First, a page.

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temperature. For Cornell Dubilier capacitors with electrolytes rated to 40 C this table shows representative ratios of ESR at elevated temperatures to ESR at 25 C. Rated Voltage Vdc Up to 150 200 to 300 350 & 450 500 82% 75% 70% 61% Capacitor Temperature 45 C 65 C 77% 70% 60% 49% 85 C 77% 70% 60% 45% Ratio to ESR at 25 C

that takes into account the ESR increase over life. The example lower left shows the iterative approach. If a higher core temperature gives the operating life you require, you are done. If the math needed to calculate operating life seems burdensome, take cheer. You can shortcut the calculations and consider more mounting and cooling options by using our Java applet on our website,

Transient Over-Temperature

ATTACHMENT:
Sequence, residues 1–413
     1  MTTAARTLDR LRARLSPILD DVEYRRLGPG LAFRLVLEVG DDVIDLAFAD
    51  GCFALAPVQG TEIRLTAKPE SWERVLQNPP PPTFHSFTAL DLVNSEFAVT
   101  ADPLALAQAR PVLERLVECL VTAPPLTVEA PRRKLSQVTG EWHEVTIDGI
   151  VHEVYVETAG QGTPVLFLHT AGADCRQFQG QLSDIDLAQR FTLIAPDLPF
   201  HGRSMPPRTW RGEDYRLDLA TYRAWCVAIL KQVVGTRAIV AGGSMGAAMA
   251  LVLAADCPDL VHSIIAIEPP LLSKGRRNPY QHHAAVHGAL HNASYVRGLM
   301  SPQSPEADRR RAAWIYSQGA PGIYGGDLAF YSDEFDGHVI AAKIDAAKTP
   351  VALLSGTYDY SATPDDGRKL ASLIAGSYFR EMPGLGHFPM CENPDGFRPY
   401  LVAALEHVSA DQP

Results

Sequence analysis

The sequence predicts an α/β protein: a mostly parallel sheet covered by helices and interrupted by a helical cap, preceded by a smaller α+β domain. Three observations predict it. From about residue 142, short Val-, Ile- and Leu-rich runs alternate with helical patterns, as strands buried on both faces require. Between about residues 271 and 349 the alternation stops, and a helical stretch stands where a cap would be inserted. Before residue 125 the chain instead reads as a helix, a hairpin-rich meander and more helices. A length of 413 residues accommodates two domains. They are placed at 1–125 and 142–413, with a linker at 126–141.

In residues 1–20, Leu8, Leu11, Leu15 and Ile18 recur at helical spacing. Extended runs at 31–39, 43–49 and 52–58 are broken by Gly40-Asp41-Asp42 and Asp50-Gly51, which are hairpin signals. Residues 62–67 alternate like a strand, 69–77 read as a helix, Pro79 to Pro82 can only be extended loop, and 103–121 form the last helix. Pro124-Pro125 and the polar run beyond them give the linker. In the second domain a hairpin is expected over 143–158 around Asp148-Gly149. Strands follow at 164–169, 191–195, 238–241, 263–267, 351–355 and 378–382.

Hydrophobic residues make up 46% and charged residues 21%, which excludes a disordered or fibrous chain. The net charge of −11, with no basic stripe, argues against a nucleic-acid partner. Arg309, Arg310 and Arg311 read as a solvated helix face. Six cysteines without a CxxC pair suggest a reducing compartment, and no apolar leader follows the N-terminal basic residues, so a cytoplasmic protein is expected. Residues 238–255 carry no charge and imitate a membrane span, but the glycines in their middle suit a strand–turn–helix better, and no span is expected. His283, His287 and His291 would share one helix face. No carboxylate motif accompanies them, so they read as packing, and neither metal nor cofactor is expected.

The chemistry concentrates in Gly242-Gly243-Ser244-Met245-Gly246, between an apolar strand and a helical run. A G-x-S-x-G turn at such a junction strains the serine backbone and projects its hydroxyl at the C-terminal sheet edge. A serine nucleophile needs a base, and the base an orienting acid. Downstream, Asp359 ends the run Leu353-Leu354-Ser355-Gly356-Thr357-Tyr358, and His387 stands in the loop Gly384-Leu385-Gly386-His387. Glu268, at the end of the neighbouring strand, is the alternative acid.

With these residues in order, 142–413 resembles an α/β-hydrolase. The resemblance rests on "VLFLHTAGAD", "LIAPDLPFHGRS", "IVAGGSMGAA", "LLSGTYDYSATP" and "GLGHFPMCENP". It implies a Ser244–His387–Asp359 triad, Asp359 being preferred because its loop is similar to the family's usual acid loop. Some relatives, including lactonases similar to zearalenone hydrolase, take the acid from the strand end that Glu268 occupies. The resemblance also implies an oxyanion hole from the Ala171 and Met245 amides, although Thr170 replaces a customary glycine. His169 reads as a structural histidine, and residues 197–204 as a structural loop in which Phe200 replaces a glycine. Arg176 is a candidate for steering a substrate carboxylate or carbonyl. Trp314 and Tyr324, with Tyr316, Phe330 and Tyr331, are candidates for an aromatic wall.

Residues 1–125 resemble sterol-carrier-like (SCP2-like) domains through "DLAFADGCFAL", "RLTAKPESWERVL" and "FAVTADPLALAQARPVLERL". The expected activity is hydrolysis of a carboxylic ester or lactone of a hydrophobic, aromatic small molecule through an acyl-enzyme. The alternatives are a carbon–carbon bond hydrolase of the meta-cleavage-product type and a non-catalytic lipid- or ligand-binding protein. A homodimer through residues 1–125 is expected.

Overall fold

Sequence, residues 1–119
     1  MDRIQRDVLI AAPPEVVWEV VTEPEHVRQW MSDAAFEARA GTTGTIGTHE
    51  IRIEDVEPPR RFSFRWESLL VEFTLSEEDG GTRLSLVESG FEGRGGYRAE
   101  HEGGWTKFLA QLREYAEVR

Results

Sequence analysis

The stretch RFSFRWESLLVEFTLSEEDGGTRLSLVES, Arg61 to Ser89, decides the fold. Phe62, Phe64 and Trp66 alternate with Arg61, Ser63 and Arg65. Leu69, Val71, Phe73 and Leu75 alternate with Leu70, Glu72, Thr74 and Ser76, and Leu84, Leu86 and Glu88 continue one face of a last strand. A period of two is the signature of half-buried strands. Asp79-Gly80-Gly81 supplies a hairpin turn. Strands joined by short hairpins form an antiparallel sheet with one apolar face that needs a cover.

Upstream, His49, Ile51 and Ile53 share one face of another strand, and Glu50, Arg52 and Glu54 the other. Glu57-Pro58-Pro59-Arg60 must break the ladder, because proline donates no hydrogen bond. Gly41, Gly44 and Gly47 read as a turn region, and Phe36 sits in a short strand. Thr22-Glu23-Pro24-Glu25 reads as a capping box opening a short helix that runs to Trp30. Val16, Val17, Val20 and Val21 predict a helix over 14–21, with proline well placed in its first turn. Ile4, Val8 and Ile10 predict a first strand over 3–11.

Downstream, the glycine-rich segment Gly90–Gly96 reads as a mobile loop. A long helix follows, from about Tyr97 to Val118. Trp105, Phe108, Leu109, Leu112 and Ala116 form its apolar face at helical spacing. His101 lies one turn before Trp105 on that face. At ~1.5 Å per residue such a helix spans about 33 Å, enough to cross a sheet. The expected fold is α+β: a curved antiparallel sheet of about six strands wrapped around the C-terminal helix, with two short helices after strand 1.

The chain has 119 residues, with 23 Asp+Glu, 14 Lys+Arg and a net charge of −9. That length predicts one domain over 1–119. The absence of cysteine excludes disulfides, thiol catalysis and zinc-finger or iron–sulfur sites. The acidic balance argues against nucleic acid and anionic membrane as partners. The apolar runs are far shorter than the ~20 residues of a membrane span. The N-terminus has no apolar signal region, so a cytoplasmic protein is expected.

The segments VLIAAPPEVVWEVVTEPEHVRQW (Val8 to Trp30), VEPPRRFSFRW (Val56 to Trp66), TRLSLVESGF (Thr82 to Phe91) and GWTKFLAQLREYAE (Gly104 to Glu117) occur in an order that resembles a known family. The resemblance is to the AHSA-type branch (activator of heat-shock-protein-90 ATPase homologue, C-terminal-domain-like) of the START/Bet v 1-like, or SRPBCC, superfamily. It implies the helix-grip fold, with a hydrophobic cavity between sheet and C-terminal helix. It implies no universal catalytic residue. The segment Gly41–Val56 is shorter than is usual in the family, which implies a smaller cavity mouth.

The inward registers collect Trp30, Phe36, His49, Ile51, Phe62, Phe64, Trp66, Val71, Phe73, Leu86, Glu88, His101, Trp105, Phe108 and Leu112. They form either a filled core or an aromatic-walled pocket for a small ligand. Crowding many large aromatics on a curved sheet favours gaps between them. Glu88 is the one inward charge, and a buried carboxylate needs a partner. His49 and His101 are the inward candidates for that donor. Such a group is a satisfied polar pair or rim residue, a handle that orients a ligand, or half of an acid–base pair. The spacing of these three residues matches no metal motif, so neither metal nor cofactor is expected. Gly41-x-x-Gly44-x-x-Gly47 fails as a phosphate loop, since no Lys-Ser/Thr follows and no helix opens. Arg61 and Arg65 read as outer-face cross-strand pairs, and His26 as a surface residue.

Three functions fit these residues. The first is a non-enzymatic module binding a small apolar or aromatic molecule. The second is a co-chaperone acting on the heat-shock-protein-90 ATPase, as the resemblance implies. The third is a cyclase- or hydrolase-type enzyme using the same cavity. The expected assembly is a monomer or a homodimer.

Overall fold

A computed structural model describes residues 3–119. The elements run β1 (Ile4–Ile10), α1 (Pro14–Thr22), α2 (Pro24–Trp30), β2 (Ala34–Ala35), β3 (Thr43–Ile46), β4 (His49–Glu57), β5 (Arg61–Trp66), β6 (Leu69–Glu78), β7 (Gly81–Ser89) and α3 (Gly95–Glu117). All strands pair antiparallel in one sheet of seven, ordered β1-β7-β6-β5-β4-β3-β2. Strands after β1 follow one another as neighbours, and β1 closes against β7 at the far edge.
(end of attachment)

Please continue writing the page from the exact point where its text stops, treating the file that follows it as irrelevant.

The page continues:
Heres an illustration to unify this information: Consider the earlier example, a 4700 F, 450 V capacitor in a 3 inch (76 mm) diameter and 5 5/8 inches (143 mm) long can with a maximum ESR at 25 C and 120 Hz of 30 m. Suppose that the capacitor is used as a bus capacitor in a motor-drive inverter, and the ripple current consists of 11 A at 360 Hz and 6.5 A at 8000 Hz. And the average applied voltage, the bus voltage, is 390 Vdc. First calculate the ESRs at the two frequencies. While you would use one or the other of the methods above to calculate ESR, here well use both to illustrate. If the capacitor is a Type DCMC, the frequency multiplier for 360 Hz is 1.13. Thus the 360 Hz ESR is 30/1.13 or 23.5 m. Or using the ESR Frequency Characteristics equation, the 360 Hz ESR is [30 39800(360120)/360/4700] or 24.4 m. Similarly at 8000 Hz the ESRs calculate to be 19.5 and 21.6 m. Next calculate the total power. At 360 Hz its (11)(0.0244) or 2.9 W. At 8000 Hz its (6.5)(0.0216) or 0.9 W. Thats a total power of 3.8 W. Then calculate the core hot-spot temperature. From the Thermal Resistance Chart the thermal resistance for free convection cooling is 3.07 C/W. So the temperature rise is (3.8) (3.07) or 14 C. If the ambient temperature were 50 C, the core temperature would be 64 C. Now predict operating life capability using the Operating Life equation. The voltage multiplier, Mv is [4.3 3.3(390/450)] or 1.44. Operating life is Lop = = (1.44)(5000)2[(95 64)/10] 61,700 h